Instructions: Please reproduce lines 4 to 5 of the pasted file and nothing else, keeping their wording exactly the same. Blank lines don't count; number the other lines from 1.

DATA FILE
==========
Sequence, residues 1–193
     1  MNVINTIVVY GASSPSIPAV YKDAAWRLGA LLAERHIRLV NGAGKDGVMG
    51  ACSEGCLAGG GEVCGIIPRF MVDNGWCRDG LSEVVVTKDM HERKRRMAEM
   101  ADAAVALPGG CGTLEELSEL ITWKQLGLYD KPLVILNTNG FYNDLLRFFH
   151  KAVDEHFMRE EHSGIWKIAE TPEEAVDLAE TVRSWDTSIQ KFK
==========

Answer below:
   101  ADAAVALPGG CGTLEELSEL ITWKQLGLYD KPLVILNTNG FYNDLLRFFH
   151  KAVDEHFMRE EHSGIWKIAE TPEEAVDLAE TVRSWDTSIQ KFK